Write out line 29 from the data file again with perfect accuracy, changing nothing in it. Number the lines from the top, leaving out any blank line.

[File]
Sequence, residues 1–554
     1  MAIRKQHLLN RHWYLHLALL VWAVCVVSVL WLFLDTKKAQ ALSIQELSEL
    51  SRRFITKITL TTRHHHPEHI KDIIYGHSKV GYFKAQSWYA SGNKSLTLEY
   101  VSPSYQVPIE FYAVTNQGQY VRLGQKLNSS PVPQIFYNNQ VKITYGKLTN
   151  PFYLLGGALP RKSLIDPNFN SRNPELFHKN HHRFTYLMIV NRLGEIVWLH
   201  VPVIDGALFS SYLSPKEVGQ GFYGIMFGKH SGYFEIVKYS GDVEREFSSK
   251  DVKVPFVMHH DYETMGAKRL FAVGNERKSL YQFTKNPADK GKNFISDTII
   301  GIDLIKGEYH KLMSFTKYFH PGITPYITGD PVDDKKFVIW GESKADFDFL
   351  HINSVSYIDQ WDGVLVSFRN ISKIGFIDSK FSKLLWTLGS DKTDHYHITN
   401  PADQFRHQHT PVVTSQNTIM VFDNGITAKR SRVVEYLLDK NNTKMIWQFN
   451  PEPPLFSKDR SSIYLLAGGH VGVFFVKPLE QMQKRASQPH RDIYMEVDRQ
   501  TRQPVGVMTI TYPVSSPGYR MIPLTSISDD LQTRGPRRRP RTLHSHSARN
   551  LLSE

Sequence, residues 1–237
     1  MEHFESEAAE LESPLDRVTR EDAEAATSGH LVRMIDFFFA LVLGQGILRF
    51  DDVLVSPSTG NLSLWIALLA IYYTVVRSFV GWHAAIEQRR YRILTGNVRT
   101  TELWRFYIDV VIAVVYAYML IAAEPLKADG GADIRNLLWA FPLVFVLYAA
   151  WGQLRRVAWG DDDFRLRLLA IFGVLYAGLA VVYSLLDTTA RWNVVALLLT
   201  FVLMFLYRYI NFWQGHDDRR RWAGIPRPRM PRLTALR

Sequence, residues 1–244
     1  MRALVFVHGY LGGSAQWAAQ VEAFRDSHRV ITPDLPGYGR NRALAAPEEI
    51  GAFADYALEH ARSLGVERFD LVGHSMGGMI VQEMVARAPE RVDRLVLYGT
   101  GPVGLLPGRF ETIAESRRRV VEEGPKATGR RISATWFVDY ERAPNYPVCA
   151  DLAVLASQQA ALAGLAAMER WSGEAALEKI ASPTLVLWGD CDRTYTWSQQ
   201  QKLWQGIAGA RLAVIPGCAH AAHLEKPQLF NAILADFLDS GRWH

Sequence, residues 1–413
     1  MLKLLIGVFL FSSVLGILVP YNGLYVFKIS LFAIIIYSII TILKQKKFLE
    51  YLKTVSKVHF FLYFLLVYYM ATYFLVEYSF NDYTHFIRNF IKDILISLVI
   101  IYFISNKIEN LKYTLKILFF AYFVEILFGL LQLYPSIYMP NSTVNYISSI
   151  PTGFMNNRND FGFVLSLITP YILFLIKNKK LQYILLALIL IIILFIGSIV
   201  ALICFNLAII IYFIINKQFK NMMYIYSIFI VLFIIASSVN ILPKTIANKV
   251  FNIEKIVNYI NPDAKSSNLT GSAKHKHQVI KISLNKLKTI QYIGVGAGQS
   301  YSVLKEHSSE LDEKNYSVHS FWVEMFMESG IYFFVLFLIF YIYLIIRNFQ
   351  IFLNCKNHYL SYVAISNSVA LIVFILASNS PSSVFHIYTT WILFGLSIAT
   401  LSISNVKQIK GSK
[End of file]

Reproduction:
   101  IYFISNKIEN LKYTLKILFF AYFVEILFGL LQLYPSIYMP NSTVNYISSI